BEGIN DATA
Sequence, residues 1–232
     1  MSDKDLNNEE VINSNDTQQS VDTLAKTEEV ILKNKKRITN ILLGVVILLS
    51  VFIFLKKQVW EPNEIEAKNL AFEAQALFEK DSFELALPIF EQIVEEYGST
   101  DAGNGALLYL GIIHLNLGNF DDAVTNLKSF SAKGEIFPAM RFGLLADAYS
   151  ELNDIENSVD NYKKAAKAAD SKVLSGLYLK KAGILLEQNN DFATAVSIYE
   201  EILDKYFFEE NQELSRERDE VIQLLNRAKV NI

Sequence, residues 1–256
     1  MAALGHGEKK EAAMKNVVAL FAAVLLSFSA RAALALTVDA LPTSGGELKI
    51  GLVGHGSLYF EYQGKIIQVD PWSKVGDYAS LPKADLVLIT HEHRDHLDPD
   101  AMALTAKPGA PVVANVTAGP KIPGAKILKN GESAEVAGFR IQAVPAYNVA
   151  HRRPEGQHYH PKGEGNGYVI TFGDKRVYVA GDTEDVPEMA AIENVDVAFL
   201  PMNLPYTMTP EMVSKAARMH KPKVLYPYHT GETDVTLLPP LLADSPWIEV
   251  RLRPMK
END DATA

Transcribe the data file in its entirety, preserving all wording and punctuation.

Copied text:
Sequence, residues 1–232
     1  MSDKDLNNEE VINSNDTQQS VDTLAKTEEV ILKNKKRITN ILLGVVILLS
    51  VFIFLKKQVW EPNEIEAKNL AFEAQALFEK DSFELALPIF EQIVEEYGST
   101  DAGNGALLYL GIIHLNLGNF DDAVTNLKSF SAKGEIFPAM RFGLLADAYS
   151  ELNDIENSVD NYKKAAKAAD SKVLSGLYLK KAGILLEQNN DFATAVSIYE
   201  EILDKYFFEE NQELSRERDE VIQLLNRAKV NI

Sequence, residues 1–256
     1  MAALGHGEKK EAAMKNVVAL FAAVLLSFSA RAALALTVDA LPTSGGELKI
    51  GLVGHGSLYF EYQGKIIQVD PWSKVGDYAS LPKADLVLIT HEHRDHLDPD
   101  AMALTAKPGA PVVANVTAGP KIPGAKILKN GESAEVAGFR IQAVPAYNVA
   151  HRRPEGQHYH PKGEGNGYVI TFGDKRVYVA GDTEDVPEMA AIENVDVAFL
   201  PMNLPYTMTP EMVSKAARMH KPKVLYPYHT GETDVTLLPP LLADSPWIEV
   251  RLRPMK